Criminal court sentencing: the case for specialist ‘young adult’ courts

Ward, Jennifer ORCID logoORCID: and Spence, Ruth ORCID logoORCID: (2022) Criminal court sentencing: the case for specialist ‘young adult’ courts. British Journal of Criminology . ISSN 0007-0955 [Article] (Published online first) (doi:10.1093/bjc/azac076)

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Treating young adults (18-25-year olds) as a distinct group within the criminal justice system is receiving growing support. This paper asks three specific questions. Should specialist young adult courts be introduced so that young age and developing maturity are considered with more consistency across court sentencing; should social background factors be taken into account when appraising culpability and have the 2019 ‘sentencing guidelines’ that give judicial direction for sentence mitigation gone far enough? The paper argues significant gains in sentencing policy have been made, but a specialist young adult court model would ensure a dedicated response to this age group and would foster a shared courts working culture that pursues the common goals of rehabilitation and social pedagogic interventions.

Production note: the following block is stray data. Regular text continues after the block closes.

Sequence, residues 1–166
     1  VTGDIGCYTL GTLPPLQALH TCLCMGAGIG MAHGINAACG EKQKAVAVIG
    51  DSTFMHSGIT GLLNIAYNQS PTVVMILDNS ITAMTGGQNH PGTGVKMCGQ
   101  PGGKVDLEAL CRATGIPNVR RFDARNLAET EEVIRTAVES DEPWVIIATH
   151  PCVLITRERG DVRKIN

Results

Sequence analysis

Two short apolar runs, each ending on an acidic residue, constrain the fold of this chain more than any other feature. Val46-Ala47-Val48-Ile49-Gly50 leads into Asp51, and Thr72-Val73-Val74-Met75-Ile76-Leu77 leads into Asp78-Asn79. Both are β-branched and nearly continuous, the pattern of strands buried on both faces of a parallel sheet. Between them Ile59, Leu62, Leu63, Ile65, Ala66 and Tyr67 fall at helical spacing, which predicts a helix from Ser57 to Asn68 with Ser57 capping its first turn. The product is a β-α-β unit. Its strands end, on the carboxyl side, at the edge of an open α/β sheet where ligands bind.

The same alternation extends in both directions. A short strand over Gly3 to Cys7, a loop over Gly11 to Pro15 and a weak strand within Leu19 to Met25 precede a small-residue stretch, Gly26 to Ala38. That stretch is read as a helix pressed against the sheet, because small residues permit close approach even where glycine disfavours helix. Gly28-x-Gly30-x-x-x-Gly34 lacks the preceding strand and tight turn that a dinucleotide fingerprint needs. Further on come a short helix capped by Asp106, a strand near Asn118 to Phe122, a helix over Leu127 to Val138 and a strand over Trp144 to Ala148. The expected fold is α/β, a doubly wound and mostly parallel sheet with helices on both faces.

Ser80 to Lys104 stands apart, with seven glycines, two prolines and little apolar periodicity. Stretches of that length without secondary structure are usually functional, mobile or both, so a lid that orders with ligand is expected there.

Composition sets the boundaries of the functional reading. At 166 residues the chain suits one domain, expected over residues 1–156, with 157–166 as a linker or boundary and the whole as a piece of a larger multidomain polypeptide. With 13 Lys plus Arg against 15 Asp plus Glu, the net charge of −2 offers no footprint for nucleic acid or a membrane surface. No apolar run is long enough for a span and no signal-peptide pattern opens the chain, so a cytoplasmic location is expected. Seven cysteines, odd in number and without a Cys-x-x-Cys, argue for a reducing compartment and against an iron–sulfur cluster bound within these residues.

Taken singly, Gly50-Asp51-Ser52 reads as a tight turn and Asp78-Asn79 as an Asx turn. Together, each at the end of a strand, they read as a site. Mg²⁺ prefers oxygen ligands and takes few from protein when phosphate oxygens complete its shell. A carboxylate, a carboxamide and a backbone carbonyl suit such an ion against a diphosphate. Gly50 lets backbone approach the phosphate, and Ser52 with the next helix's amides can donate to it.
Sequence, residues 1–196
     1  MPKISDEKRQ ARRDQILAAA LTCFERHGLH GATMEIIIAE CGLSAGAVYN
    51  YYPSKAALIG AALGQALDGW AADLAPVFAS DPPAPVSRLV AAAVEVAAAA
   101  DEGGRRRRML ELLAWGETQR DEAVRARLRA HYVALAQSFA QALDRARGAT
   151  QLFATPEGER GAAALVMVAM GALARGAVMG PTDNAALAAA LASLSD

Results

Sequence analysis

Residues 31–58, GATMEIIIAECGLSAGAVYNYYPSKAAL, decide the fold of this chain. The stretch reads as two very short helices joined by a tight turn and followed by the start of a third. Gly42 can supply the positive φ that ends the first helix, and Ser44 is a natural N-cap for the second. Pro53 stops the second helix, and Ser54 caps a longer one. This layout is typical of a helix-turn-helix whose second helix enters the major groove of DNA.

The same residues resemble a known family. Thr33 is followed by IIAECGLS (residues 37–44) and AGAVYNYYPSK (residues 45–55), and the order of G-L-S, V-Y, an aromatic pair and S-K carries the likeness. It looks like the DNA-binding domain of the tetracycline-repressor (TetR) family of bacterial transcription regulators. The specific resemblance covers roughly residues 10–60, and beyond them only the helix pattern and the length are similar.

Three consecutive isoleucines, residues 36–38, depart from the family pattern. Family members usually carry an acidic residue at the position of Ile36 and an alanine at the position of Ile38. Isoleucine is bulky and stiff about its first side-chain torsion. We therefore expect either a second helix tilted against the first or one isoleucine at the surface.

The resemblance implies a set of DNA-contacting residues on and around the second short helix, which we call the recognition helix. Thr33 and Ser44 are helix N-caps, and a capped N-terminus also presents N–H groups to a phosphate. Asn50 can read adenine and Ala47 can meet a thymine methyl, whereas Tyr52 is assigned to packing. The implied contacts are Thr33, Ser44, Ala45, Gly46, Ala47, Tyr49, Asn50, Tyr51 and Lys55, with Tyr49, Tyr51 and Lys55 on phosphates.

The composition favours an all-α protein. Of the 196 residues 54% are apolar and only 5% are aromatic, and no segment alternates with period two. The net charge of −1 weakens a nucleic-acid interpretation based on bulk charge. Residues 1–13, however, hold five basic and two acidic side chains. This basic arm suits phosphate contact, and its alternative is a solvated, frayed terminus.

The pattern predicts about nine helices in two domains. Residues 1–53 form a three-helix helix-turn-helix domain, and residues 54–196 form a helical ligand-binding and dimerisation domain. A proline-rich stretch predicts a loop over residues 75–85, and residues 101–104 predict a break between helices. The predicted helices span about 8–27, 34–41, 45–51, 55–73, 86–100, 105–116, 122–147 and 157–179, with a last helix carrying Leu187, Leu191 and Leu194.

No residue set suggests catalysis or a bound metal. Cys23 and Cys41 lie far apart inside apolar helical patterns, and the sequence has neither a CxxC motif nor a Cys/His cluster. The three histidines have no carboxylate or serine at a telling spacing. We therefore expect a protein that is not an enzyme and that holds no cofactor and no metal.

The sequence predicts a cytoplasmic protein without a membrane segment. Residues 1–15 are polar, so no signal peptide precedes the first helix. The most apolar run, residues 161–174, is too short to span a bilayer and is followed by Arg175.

Item Type: Article
Sustainable Development Goals:
Research Areas: A. > School of Law > Criminology and Sociology
Item ID: 35709
Notes on copyright: This is a pre-copyedited, author-produced version of an article accepted for publication in British Journal of Criminology following peer review. The version of record Jennifer Ward, Ruth Spence, Criminal Court Sentencing: The Case for Specialist ‘Young Adult’ Courts, The British Journal of Criminology, 2022; azac076 is available online at: URL: and DOI:
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Depositing User: Jenni Ward
Date Deposited: 08 Sep 2022 15:48
Last Modified: 28 Oct 2022 10:44

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